The Liver Transplant Program offers patients with end-stage liver disease multiple transplant options, including split-liver transplants. We understand that families waiting on the United Network for Organ Sharing (UNOS) transplant list are eagerly awaiting the phone call that tells them an organ is available for their child. Choosing a split-liver transplant not only saves two lives with one organ, but also may shorten your child’s wait for a liver transplant.
What is a split-liver transplant?
During a split-liver transplant, a donor’s liver is divided into two pieces. One portion is transplanted into a child and the other portion is transplanted into a larger child or adult on the list. The transplant surgeons always look at the donated liver carefully to make sure it can be split safely and provide a good outcome for both the pediatric and adult transplant recipient.
Children’s Hospital Colorado’s transplant team works closely with the University of Colorado Hospital’s transplant team, a premier adult transplant center performing one of the highest numbers of adult liver transplants in the Unites States. This partnership is powerful and important for pediatric patients because it gives patients at Children’s Colorado more potential options and access to liver transplants.
Benefits of a split-liver transplant in children
In addition to the life-saving benefits of organ transplant, split-liver transplant can:
- Shorten the waiting time for a liver to become available
- Save two lives with one donor’s liver
What can liver recipients expect during recovery?
At Children’s Colorado, the hospital stay after a liver transplant is 10 to 15 days. After going home from the hospital, your child will see a board certified pediatric transplant hepatologist twice a week until they are fully recovered. Kids should be fully recovered within four to six weeks and can then return to normal activities. Even as they return to normal activities, your child will continue to see the transplant team several times per year to maintain ideal health.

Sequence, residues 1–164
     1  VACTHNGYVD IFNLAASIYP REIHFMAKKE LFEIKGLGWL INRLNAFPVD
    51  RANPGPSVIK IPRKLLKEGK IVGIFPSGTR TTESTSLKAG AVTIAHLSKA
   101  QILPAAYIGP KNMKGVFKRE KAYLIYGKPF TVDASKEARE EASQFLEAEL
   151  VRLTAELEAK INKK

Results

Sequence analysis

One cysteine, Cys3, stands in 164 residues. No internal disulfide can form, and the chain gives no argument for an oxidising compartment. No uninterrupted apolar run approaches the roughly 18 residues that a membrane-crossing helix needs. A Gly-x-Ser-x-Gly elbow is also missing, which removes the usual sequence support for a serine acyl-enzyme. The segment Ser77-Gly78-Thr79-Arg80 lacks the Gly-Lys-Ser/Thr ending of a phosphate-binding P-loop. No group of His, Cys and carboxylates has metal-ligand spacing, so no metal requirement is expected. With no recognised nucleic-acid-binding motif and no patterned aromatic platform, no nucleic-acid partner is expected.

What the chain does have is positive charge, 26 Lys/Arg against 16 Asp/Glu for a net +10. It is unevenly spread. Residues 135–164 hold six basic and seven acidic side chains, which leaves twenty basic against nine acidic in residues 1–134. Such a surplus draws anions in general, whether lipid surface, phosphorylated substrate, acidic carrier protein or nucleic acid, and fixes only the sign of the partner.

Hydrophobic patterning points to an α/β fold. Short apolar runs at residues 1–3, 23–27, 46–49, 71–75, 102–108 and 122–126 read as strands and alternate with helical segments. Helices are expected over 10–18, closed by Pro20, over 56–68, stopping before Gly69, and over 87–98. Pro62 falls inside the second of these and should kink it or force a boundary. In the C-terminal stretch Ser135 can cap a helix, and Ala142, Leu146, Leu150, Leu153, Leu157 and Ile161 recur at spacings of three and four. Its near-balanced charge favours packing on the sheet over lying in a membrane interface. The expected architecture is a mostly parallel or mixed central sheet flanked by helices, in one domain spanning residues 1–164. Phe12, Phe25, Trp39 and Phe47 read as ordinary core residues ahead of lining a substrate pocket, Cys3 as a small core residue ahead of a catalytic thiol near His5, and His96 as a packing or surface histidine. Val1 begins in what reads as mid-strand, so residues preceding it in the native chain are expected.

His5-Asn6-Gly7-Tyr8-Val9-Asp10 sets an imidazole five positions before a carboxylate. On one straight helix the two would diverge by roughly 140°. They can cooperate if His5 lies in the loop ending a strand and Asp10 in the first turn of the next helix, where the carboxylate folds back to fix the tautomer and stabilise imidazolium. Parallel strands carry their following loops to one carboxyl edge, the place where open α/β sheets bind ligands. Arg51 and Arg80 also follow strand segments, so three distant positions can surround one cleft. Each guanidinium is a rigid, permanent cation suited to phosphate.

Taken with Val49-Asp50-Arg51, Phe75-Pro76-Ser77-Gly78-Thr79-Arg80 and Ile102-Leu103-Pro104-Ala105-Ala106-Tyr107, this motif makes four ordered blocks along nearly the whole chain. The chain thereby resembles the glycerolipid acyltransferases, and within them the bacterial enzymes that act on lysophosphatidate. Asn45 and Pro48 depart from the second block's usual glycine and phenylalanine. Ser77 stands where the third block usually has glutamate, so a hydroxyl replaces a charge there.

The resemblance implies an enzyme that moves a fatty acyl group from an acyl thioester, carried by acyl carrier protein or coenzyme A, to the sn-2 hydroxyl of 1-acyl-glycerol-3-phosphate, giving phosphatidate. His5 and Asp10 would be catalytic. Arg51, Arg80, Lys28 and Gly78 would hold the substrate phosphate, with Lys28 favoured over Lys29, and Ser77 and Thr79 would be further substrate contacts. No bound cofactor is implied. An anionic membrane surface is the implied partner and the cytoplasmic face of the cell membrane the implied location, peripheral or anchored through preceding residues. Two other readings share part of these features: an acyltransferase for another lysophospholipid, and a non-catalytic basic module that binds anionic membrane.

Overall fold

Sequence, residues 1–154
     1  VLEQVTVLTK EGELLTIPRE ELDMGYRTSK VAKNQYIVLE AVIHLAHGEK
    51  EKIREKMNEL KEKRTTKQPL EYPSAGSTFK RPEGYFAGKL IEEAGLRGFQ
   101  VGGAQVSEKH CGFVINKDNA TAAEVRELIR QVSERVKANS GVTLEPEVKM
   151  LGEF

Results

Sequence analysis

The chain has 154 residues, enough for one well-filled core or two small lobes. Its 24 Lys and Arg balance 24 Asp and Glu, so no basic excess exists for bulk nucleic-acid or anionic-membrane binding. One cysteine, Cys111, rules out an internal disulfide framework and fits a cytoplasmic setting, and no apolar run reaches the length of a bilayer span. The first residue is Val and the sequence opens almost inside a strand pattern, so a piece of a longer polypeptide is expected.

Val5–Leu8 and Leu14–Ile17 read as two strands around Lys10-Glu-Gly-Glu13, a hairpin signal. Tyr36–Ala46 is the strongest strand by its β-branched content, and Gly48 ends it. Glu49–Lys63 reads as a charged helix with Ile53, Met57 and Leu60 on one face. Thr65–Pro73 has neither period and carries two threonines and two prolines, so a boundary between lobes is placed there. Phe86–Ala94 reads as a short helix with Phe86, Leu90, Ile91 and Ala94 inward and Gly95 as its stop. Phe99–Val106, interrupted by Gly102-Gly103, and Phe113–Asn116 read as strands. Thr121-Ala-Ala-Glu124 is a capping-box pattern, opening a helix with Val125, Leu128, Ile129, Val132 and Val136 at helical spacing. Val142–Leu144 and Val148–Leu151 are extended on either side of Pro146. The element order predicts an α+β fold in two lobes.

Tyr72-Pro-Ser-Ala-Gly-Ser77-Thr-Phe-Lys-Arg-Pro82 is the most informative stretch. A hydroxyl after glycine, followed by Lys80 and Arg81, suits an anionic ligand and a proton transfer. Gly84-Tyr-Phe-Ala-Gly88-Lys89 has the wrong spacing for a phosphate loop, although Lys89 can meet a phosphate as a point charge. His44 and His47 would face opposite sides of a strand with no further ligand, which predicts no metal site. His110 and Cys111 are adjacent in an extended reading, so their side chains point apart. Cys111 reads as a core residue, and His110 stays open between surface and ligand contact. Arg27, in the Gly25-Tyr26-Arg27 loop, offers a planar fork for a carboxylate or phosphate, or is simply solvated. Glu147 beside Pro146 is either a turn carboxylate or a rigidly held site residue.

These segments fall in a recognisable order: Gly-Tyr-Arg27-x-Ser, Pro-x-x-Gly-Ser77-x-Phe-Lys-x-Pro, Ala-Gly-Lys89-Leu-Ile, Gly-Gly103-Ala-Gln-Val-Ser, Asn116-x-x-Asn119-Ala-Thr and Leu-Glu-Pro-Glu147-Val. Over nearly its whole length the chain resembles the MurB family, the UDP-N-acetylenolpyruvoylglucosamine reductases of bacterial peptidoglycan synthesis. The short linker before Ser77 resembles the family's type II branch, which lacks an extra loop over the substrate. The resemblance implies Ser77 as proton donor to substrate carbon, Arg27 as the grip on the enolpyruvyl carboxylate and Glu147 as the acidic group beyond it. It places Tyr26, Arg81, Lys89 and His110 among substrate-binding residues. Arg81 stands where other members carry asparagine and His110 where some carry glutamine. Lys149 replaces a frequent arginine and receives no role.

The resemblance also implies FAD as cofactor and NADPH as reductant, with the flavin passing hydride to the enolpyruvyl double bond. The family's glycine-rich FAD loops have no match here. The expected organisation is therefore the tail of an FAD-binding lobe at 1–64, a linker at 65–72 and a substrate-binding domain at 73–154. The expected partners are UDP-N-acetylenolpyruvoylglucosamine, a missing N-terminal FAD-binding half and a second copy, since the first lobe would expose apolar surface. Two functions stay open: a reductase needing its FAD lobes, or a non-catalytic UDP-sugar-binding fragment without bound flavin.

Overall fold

At Children’s Colorado, our goal is to give your child a normal quality of life without experiencing limitations from an organ transplant. This means that they will eat a normal diet, play normally, go to school and participate in their favorite activities and sports.
Frequently asked questions about split-liver transplantation in children
What is a regenerative organ?
A healthy person’s liver is larger than they need, allowing it to withstand the natural wear and tear that happens throughout life. The liver is also a regenerative organ, which means that if it is healthy, it can re-grow. The liver is the only solid organ in the body that can regenerate itself to its normal size - larger than what is needed. This unique characteristic allows transplant surgeons to split one liver into two sections, using only the amount each recipient needs to survive and thrive.
Will the donor’s liver be the same size as the one you remove?
Often children with liver disease have livers that are smaller than normal and don’t function as well as normal. During a liver transplant, surgeons take advantage of the fact that the liver is the only regenerative solid organ in the body. Your child’s new liver will be closer to their needed amount and continue to regenerate itself to an optimal size.
Will the liver grow as the child gets older?
Yes, the liver is a regenerative organ; as your child grows, their liver tissue grows with him or her.
For more information on live-donor liver transplants, please contact the liver transplant team at 720-777-6011.